The heights and falls of Miyajima Island
Japan Times -- Jan 10
My alarm sounded at 6:45 a.m., but I quickly silenced it and rolled over in my futon. I enjoyed a fleeting moment of quietude before the thrumming of rubber soles on pavement and accompanying excited voices crescendoed, a brief multilingual hubbub that then faded away for a minute or two before rising up again. It was starting.

A stone’s throw from my hotel, the various ferries and fast boats had begun to disgorge waves of day-trippers to Miyajima Island, and these sightseers invariably made a beeline to Itsukushima Shrine and its world famous floating torii. This route took them down the crescent boulevard along the waterfront and directly beneath my rented room.

Heaving a tired sigh, I hoisted myself from the floor and looked out the window across the stretch of Hiroshima Prefecture’s Seto Inland Sea that separated me from the mainland. Each gaggle of visitors on the street below sounded larger than the one before, and I could see another ferry just coming in.

The shops and restaurants were mostly still shuttered as I made my way through town, and no one was posing for photos in front of the world’s biggest rice scoop yet. Having visited Itsukushima Shrine just before closing the previous evening, I continued to dodge the crowds by heading to neighboring Toyokuni Shrine. As I had hoped, I was among the very first visitors of the day to this 16th-century library of Buddhist sutras built by Toyotomi Hideyoshi. Never fully completed, the hall was converted to a Shinto shrine after Hideyoshi’s death. I took my time inspecting the dozens of peculiar paintings hanging from the rafters above, but it wasn’t too long before a mass of uniformed primary school students began to swarm the hall and I made my retreat.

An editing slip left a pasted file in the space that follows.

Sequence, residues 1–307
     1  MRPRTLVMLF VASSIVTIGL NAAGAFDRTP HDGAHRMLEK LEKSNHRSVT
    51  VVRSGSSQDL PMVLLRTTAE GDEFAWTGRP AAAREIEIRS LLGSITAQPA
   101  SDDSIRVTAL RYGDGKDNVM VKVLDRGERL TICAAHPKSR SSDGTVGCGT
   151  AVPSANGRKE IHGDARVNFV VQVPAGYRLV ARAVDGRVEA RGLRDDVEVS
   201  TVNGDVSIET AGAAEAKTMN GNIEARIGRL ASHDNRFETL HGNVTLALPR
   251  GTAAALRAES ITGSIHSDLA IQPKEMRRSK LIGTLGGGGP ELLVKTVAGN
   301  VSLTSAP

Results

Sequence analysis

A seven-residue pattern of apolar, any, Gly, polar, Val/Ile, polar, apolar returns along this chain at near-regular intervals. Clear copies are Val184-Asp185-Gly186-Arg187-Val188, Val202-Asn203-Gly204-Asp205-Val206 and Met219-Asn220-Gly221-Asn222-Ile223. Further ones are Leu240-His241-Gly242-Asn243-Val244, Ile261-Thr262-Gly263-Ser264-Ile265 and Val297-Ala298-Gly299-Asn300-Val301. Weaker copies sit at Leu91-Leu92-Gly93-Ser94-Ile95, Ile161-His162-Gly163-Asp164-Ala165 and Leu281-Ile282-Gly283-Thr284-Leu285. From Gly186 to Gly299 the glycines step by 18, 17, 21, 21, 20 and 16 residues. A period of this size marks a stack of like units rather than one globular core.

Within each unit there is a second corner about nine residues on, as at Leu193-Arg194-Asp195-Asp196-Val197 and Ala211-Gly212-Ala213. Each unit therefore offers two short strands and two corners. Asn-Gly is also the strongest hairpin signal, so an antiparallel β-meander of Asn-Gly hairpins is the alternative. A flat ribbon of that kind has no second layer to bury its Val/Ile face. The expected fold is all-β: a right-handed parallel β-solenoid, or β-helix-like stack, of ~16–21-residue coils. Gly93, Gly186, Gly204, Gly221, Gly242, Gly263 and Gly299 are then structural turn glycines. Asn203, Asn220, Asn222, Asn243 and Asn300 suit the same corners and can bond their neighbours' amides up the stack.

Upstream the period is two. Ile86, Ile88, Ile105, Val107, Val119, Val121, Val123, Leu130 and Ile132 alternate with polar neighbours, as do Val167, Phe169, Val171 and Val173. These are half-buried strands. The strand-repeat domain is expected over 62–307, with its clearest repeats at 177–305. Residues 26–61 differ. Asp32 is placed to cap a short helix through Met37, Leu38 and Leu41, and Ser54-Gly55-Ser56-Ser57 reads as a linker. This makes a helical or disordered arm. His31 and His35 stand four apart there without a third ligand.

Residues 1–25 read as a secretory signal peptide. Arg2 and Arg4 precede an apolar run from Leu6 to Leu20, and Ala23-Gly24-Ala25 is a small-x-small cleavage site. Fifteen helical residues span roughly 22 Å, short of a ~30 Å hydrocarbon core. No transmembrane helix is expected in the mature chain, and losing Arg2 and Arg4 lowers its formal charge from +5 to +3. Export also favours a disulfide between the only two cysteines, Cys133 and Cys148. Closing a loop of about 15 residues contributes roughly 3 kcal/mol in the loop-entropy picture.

I followed the signs to the ropeway up Mount Misen, which at 535 meters is Itsukushima’s tallest peak. After passing through Momijidani Park, I veered right onto a footpath that ran roughly parallel to one of the small sacred streams that empty into the Inland Sea at Itsukushima Shrine. The early morning air was bracing, but I was soon shedding layers as I wove my way through enormous boulders left behind by the landslide that wiped out the shrine below 70 years earlier.

News source: Japan Times
Sep 22
Maharaja, a popular disco during Japan's bubble economy era in the 1980s, reopened in Kyoto's Gion district this month. (Jiji)
Sep 22
The number of foreign visitors to Japan continues to grow. The total so far this year has already topped 20 million. (NHK)
Sep 20
Jurassic Park may be the first thing that comes to mind when you see Aogashima Island from the air - but yes, THIS IS TOKYO! (ONLY in JAPAN)
Sep 20
Japan has no shortage of festivals for every season, from the weird and wacky, to the absolutely magical. One such festival that would fall into the latter category is the Tengu no Hi-watari (天狗の火渡り), which takes place annually in Japan’s northern-most prefecture of Hokkaido. (rocketnews24.com)
Sep 20
Delta Air Lines has announced it will end flights between Japan and Guam because of low demand just days after another airline delayed Japan-Guam flights because of North Korea's threat to attack the U.S. island territory. (Japan Today)
Sep 12
A folding screen painted in ink featuring main characters of the Star Wars movie was unveiled Tuesday at Byodoin, a Buddhist temple on UNESCO’s World Heritage list in Kyoto Prefecture, ahead of the release of the latest episode in December. (Japan Times)
Sep 11
Reflecting the recent rise of alpine accidents amid the trekking boom in Japan, experts advise hikers to get insurance covering search and rescue expenses, which can be hugely expensive. (Japan Today)
Sep 10
The opportunity to see wild brown bears in their natural environment has made a national park in Hokkaido a popular hiking destination. (Japan Times)
Sep 07
Japan's tourism ministry plans to urge local governments to set ordinances to exempt historic buildings, such as "kominka" traditional folk houses, from the building standards law, to better promote the use of such structures for tourism. (Jiji)
Sep 05
This restaurant-machine fusion is one small step for vending, one giant leap for vending-machine-kind. (rocketnews24.com)